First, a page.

Tuesday, January 6, 2015

Finished Pixelated Dragon Quilt

For the past few years, I've made a couple quilts for Christmas for my in-law family. Since the recipients know they're receiving quilts, I usually ask for color choices and general styles. Here's how the conversation with my brother-in-law went this year.

Me: What colors do you and your wife like?
BIL: She said we'd like something in black, red, and gold with dragon motifs.

He was joking at the time, but when I reminded him that I was making separate quilts for each of them, he said a bit hesitantly, "Well, I actually really would like a dragon quilt." So, that's what I set out to make for him.

I brainstormed for quite a long time about different possible ways of making a dragon quilt - paper piecing, applique, patchwork. I had almost settled on paper piecing, but wanted to enlarge all the patterns I found. I kept hemming and hawing because I wasn't fully committed. Then, I happened upon the Patchwork Pattern Maker from the Victoria and Albert Museum, which is this really great tool you can use to turn any photo into a quilt pattern. I searched for and tested several images of dragons until I found one that I liked and thought would translate best as a pixelated image.

Pixelated Dragon Quilt

I cut up three inch squares of varying prints in black, gray, green, red, orange, and yellow. For the background, I used whites and creams, whatever I had on hand. I then added some wide strips of fabric to the bottom of the quilt, representing a building or some other hard surface that the dragon is landing on or taking off from.

Pixelated Dragon Quilt

I quilted the body of the dragon in wavy lines and the wings have a scale motif quilted on them. The background I quilted in meandering loops.

Pixelated Dragon Quilt

I quilted each section of the "building" with a separate design. This one shows the angled meandering stipple and if you look closely at the yellow, you can see large ripples.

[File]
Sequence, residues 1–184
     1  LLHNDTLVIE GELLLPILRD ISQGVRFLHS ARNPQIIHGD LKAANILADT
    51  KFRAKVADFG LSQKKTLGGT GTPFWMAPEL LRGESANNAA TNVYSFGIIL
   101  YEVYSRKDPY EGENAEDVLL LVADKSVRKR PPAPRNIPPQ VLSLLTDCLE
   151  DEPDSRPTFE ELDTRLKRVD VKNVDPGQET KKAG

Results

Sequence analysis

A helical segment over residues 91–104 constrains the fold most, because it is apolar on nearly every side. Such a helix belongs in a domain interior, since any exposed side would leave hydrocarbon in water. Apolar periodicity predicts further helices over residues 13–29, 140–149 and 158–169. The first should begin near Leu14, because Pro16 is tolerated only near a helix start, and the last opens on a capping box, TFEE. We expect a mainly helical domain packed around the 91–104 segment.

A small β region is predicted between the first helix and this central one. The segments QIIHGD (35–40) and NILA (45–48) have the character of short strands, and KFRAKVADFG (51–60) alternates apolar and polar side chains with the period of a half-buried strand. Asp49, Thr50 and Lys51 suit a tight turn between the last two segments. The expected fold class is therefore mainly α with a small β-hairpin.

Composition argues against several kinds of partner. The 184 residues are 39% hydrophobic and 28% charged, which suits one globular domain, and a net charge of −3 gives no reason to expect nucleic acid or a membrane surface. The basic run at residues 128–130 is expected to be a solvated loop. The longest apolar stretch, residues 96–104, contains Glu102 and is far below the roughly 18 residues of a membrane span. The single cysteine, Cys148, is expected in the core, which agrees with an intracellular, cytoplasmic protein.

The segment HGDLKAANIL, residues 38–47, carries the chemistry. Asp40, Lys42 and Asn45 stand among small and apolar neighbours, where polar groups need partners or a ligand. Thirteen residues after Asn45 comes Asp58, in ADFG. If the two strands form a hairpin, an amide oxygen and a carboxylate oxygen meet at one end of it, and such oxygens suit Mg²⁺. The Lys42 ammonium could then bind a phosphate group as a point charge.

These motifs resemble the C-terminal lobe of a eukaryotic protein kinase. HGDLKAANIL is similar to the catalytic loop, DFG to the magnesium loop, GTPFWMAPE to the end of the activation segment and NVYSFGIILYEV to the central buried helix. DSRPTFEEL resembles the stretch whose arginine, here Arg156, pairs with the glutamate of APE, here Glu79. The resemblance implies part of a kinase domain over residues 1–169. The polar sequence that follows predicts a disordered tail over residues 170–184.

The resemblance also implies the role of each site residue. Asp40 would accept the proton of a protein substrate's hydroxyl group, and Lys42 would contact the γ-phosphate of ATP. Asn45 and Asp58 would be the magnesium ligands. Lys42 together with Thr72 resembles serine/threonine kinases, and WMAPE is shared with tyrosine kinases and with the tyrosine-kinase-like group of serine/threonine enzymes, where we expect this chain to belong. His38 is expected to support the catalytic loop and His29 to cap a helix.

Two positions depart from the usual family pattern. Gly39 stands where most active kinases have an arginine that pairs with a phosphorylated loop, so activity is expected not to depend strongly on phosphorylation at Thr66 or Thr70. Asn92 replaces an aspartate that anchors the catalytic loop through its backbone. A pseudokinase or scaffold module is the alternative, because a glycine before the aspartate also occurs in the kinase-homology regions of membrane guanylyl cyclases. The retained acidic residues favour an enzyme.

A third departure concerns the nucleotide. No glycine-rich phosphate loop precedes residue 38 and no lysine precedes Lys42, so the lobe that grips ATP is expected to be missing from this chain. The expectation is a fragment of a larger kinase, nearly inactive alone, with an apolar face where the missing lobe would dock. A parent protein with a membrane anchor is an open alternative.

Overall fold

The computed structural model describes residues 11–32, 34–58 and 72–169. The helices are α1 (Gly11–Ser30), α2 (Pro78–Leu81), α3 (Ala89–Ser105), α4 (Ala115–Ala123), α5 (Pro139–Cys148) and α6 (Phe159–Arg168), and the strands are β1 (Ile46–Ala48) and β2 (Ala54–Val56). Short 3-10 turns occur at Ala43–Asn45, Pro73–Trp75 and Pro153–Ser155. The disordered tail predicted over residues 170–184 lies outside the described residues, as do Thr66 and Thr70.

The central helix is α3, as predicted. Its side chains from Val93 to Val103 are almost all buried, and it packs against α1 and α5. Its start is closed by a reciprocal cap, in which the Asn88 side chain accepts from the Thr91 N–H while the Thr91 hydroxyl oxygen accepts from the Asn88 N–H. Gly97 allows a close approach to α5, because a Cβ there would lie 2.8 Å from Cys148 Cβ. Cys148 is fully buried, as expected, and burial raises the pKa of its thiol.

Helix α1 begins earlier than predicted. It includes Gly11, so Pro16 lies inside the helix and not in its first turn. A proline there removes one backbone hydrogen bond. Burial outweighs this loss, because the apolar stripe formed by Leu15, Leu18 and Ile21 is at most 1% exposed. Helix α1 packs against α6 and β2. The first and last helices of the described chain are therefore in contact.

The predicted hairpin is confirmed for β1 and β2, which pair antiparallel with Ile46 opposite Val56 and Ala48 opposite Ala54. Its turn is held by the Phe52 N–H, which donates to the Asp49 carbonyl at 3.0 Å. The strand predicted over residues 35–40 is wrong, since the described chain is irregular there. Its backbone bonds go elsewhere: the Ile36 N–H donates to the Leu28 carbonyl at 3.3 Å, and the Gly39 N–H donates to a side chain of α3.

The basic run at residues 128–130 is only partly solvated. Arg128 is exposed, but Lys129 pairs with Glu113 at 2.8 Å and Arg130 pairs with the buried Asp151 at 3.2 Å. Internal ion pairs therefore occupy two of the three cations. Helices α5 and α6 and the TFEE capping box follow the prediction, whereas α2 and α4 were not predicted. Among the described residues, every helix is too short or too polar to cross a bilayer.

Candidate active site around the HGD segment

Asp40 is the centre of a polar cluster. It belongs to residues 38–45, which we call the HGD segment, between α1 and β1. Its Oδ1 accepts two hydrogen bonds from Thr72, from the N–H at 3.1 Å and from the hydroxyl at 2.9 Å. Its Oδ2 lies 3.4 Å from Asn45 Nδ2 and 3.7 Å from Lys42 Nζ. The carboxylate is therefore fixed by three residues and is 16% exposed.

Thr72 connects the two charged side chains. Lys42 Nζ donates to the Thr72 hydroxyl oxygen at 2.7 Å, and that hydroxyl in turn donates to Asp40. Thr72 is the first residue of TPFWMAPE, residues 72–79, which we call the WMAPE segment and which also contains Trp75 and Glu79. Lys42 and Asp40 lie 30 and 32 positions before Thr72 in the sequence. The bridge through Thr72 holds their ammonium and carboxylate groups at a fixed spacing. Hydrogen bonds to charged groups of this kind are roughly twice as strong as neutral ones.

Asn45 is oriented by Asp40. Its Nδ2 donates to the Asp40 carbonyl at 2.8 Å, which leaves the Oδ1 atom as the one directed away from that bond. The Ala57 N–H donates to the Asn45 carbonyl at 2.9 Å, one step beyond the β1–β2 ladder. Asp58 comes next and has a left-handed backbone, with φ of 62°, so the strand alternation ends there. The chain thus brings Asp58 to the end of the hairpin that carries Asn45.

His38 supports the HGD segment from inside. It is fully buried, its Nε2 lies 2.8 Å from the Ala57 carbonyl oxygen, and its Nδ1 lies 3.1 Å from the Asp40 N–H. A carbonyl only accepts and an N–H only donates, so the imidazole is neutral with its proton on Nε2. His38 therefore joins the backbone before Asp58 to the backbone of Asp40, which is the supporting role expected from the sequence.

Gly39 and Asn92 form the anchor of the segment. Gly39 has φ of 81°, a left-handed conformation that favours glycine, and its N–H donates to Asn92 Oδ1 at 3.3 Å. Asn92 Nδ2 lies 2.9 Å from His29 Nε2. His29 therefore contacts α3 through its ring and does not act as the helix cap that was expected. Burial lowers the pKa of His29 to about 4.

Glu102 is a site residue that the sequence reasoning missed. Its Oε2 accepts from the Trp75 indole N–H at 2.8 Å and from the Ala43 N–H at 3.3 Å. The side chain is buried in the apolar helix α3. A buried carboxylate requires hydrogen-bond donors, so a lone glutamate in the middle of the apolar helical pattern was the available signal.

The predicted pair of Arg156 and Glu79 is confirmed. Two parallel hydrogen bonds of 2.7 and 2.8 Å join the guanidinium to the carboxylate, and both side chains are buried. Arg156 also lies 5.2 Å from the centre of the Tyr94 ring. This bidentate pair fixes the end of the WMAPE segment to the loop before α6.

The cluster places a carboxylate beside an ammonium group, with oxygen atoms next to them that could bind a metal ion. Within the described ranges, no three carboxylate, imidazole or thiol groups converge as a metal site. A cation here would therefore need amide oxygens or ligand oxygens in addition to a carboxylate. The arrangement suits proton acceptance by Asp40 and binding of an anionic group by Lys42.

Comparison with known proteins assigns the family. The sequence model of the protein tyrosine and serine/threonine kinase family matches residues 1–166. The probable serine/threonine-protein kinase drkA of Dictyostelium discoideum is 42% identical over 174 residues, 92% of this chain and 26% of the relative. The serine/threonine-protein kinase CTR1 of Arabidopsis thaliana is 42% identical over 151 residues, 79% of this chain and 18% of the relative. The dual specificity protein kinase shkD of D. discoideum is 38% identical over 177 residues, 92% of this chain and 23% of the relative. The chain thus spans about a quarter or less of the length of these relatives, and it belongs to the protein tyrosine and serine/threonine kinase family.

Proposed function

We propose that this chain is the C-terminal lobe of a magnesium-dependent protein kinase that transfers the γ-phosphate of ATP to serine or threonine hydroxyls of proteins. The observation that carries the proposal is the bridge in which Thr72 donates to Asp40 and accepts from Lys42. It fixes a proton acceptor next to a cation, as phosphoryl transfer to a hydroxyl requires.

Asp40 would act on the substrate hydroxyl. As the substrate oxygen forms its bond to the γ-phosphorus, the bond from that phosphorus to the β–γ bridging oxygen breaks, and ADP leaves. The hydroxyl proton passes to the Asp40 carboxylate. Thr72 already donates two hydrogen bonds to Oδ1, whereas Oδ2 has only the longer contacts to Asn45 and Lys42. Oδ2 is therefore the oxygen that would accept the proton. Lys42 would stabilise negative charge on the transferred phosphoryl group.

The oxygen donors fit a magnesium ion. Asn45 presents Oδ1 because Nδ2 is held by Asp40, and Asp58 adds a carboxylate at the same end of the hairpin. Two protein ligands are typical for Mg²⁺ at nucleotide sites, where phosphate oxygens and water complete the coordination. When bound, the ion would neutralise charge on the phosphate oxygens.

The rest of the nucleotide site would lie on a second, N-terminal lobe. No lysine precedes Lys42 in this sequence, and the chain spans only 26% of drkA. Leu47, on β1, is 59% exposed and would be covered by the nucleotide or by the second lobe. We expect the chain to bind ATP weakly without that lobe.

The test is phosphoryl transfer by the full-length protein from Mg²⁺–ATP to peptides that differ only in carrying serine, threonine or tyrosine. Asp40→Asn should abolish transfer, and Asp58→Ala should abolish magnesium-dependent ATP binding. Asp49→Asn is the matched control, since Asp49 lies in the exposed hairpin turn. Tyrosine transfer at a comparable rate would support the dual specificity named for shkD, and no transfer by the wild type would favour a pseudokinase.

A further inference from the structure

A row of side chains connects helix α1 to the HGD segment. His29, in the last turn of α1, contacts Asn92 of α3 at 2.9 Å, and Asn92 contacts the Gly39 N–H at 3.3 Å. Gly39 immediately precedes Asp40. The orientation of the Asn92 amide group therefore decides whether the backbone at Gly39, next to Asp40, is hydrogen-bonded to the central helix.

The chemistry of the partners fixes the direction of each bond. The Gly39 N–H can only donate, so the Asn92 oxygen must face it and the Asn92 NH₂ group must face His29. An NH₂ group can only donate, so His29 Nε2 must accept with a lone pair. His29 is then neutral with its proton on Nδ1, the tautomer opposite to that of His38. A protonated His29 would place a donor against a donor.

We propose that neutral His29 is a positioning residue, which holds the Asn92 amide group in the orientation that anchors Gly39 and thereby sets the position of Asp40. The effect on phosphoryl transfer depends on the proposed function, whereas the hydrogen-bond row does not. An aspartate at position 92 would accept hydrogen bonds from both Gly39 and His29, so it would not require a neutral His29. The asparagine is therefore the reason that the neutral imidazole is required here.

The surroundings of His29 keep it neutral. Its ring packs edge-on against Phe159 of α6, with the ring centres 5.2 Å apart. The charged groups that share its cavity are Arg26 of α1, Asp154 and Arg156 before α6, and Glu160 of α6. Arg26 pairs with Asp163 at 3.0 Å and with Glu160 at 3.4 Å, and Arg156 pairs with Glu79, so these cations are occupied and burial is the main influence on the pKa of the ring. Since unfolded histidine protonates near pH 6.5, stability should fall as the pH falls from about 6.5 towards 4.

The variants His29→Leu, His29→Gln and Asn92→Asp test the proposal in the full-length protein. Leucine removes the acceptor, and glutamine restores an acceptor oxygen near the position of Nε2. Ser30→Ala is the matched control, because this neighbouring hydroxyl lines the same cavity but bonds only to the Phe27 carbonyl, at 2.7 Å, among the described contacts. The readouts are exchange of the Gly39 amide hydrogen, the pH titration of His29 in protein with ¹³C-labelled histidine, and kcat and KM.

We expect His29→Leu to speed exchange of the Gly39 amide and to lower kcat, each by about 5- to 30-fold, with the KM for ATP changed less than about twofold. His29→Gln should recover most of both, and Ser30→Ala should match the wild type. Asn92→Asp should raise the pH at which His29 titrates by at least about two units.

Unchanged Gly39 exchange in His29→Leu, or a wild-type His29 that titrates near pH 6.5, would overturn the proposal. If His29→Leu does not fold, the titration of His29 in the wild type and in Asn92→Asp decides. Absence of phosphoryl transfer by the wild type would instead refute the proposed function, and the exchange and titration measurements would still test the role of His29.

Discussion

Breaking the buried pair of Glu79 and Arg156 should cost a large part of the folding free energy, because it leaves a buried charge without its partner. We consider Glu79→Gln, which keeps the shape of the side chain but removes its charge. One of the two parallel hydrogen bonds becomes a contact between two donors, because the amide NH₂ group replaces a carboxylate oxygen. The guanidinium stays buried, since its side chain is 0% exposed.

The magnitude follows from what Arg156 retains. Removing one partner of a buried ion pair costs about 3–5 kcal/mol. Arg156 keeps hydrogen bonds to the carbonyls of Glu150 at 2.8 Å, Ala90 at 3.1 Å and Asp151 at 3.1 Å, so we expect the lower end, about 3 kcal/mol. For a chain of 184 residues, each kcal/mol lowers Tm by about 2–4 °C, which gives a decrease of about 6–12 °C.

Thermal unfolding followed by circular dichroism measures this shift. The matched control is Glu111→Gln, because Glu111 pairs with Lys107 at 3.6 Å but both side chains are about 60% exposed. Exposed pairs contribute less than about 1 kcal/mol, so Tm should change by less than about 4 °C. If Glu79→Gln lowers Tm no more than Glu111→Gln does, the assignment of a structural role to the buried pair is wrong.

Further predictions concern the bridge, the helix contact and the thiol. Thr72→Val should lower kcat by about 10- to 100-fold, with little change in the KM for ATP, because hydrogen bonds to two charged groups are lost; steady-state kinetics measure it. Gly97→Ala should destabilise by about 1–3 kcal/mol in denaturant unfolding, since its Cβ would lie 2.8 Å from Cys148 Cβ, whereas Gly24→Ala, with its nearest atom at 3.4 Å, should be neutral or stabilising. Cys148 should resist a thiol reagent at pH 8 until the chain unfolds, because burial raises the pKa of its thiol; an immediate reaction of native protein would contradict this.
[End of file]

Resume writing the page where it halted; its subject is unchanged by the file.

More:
Pixelated Dragon Quilt

The back is comprised of various green fabric strips. I'm kind of a one-trick pony when it comes to quilt backs (if I piece the back at all), so I was glad to have a fairly easy, but not a flat sheet quilt back.

Pixelated Dragon Quilt

Sunday, January 4, 2015

It's about time I blogged again, eh?

Beuller? Beuller? Anyone out there?

I can't believe four months have passed since my last post. Well, I guess I'm not surprised. 2014 was a crazy year for me. I started grad school, got laid off, found a job, had a parent pass away, had another child start school, and ended the baby stage in our family. I still managed to make things, but the documenting part fell by the way side. I'm not sure I'll be any good at blogging this year, but I do hope to keep track of my projects better throughout the year. Here's my first attempt at catching up.

After seeing Angela's Arkansas Crossroads quilt she made out of Denyse Schmidt's Chicopee line, I knew I had to use my DS Florence fabric to make one of my own. I pieced the top several months back using Florence, coordinating solids, and Kona white.

Arkansas Florence Crossroads

Once it was all put together though, it didn't quite feel like "me" so I let it sit for a while. As Christmas neared and I hunkered down to finish gifts, I realized that this quilt was begging to be given to my son's teacher. My son is high functioning autistic and has attended a specialized school for the last two years. He's been blessed with a saint of a teacher and I wanted her to know how much we love and appreciate her. What better way to say that than with a quilt?

Florence Arkansas Crossroads Quilt

I really love how the quilting worked out with this one. In the main patchwork blocks, I quilted fairly tight meandering loops. Then, in the white sections, I quilted squiggly lines. The texture it created is so fun, and you can see it pretty well from the back.

Florence Arkansas Crossroads Quilt

The scrappy binding is made up from several pieces of leftover binding strips from other projects that coordinated well with the colors in the quilt itself. (I love it when things work out that way!)

My son delivered the quilt to his teacher's house, who leaves only a couple blocks away. She was touched by the gift and he said he was glad to have made her feel happy. And I was very happy to hear him say that.


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